Can You Really Have Too Much Fruit?

Nutrition // Amanda Turbill

Barry White is famous for once singing, “Too much of anything is not good for you baby”. But do these lyrics hold true to something as innocent, nutritious and delicious as the fruit in our fruit bowl? Let’s find out.

The Facts About Fruit

According to Australia’s National Health & Medical Research Council, most Australians actually only eat half the recommended quantity of fruit.  In contrast, we drink far too much fruit juice, known to be high in energy (kilojoules) and low in dietary fibre, with many Aussies thinking that this is an adequate substitution for whole fruit.

Also read: Top 10 Snacks to Have in Your Desk Drawer

Fruit, Fabulous Fruit!

Fruit is an amazing parcel of key nutrients including phytonutrients, antioxidants, prebiotic fibres, vitamins and minerals, all which work together to increase your overall health. Like all whole foods, these nutrients are delivered in a packaged that a vitamin tablet simply can’t replicate.

Fruit provides us with a great portable snack which can help tame even the sweetest of sweet tooths and provide quick fuel to get us through a workout, help us recover from a hard exercise session, and keep our brains firing until we reach our next meal. Try our 12WBT French Toast with Banana, Berries & Maple Syrup recipe.

You Can Eat Too Much Fruit

Too much of any food can provide a surplus of calories, and fruit, unfortunately, is no exception. Most fruits provide a nice dose of carbohydrates in the form of fruit sugars (predominantly fructose and glucose). When eaten in moderation as part of a balanced diet, this energy is perfect to get us fueled for the days ahead. However, if eaten above our daily calorie requirements, fruit can contribute to any unwanted weight gain, and for those with intolerances or sensitivities certain fruits (or simply by eating too much fruit) can lead to gastric and other discomfort.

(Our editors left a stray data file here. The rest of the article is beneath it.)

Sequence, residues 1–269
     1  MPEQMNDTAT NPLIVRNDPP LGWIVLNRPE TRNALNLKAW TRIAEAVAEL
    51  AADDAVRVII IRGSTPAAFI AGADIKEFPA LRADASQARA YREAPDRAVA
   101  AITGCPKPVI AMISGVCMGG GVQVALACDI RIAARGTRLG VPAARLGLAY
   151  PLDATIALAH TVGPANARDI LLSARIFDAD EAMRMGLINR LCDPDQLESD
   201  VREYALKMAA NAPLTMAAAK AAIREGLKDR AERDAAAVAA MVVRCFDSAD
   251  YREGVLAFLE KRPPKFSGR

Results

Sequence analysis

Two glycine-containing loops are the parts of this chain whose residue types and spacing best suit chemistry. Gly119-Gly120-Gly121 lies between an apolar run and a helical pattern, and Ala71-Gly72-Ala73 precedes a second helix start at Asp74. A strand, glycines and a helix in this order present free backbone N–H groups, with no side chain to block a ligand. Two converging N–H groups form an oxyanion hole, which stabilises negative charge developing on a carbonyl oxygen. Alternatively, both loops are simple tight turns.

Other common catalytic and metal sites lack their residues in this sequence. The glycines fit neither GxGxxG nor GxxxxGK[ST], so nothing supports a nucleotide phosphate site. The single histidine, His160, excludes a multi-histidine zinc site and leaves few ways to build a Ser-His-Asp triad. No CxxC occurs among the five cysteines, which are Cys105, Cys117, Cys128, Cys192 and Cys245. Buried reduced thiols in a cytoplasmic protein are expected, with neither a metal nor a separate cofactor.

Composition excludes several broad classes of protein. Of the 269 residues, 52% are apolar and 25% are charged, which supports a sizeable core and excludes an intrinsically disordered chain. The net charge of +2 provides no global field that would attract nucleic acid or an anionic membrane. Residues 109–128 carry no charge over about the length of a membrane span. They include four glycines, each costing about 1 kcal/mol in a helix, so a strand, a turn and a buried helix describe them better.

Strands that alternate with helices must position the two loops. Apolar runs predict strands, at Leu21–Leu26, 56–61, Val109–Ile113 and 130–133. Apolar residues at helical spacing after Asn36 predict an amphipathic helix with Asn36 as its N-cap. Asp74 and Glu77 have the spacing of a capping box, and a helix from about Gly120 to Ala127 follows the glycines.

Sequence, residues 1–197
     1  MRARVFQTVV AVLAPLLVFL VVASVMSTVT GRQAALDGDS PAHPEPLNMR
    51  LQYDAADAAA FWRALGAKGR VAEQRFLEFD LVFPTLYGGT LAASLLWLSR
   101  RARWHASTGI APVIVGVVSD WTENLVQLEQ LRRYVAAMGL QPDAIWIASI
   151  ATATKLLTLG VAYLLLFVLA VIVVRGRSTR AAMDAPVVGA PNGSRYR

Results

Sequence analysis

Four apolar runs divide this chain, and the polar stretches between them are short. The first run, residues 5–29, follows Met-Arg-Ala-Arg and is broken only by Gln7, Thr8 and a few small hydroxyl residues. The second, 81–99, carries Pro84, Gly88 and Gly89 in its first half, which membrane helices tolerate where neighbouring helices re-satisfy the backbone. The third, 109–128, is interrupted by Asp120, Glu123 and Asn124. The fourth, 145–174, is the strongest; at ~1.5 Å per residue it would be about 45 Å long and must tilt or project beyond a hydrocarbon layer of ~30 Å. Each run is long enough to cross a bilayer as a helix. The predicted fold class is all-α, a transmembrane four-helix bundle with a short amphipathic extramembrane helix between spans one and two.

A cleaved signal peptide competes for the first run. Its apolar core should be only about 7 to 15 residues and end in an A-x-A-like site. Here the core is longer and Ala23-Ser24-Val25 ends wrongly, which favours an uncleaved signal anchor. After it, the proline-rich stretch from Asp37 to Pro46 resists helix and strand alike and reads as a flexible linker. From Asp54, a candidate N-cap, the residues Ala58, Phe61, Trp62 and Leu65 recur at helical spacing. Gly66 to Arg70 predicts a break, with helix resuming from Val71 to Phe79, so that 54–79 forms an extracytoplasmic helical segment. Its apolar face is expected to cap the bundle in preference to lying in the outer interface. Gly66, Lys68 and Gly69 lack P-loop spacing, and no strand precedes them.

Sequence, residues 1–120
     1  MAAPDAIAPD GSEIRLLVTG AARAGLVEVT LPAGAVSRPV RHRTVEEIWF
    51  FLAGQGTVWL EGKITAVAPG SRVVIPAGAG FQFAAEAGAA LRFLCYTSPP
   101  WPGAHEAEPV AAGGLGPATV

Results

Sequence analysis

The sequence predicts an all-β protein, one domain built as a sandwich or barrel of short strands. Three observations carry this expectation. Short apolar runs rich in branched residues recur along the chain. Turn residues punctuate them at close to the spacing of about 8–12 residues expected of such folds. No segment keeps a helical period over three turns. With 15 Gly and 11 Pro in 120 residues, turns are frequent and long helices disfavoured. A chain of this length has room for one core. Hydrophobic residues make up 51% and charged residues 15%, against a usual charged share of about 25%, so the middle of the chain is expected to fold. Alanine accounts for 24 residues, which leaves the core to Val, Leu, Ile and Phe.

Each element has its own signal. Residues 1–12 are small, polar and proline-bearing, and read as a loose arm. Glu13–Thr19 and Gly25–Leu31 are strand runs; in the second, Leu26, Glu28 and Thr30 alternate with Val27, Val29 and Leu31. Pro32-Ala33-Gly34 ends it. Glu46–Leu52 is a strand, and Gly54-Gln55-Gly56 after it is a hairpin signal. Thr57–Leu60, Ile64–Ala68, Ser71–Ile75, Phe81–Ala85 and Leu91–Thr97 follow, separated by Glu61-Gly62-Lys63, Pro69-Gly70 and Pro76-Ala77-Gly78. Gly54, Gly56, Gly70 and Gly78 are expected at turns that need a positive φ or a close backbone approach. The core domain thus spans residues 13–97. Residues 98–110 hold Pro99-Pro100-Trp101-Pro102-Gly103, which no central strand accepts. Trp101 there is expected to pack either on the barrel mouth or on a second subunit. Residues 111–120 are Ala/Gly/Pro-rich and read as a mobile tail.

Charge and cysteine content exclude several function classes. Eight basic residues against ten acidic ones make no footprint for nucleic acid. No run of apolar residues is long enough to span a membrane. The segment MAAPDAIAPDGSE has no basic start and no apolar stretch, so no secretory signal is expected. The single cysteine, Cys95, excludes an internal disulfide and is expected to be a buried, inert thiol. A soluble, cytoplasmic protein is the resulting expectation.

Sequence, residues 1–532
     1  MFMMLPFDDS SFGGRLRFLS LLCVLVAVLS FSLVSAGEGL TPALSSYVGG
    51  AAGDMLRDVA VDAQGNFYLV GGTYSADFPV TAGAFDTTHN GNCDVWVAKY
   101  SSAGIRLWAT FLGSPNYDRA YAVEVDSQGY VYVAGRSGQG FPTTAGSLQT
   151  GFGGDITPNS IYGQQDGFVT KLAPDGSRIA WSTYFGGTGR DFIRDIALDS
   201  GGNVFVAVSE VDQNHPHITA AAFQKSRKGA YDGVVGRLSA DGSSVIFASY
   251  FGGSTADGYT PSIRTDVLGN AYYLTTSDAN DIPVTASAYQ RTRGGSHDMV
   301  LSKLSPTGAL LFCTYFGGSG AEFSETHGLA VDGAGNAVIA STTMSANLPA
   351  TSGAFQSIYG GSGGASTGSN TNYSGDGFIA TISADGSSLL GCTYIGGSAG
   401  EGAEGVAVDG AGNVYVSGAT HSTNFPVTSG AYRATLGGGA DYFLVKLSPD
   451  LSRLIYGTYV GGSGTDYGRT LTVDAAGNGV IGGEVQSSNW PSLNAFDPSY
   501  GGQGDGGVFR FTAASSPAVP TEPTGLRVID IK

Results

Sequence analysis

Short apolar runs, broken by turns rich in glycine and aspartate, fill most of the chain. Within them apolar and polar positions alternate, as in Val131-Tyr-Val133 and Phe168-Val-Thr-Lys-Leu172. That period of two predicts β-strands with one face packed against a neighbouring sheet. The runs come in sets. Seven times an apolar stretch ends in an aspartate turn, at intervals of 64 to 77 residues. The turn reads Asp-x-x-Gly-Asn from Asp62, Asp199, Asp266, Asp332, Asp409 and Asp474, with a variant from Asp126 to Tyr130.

Also read: 6 Ways That Green Tea Can Boost Healthy Weight Loss

How Much Fruit is Enough?

Finding the ‘juicy’ sweet spot is important for overall nutrition balance, BUT we need to keep in mind our energy requirements and our food intake for a whole day.

The Australian Dietary Guidelines suggest that whole fresh fruits are the best choice for your fruit servings, and from the age of nine it is recommended to have at least two serves a day of fruit. And it doesn’t have to be a piece of fruit – try a delicious recipe like our 12WBT Breakfast Crumble with Cinnamon Yoghurt. As long as you are meeting the minimum requirements for all the food groups, additional fruit should correspond to your fuel needs, which are based on your height, ideal weight, sex, age, and physical activity level.

It is important to note that it is very easy to overeat dried fruit and fruit juices – both of which can increase the risk of tooth cavities due to their acidity (juice) and ability to stick to teeth (dried fruit). So keep these in check!

Put Fruit On The Menu!

So there we have it – yes you can have too much fruit, BUT most of us actually don’t have enough. Remember that fruit makes a fabulous mid-meal snack, pre or post workout energy hit and an ‘add in’ to a meal. It provides us satisfying, nutrient rich energy and the amount (above two serves) that we all have to be considered ‘too much’ will vary.

Aim to choose fruit in season and mix up your variety (berries, citrus, tropical, etc.) to not only get fabulous flavour and nutrient hits, but to keep costs down and support the local produce! Find out which fruits are in season.

For more information on food group serves and fruit recommendations, visit Eat For Health.

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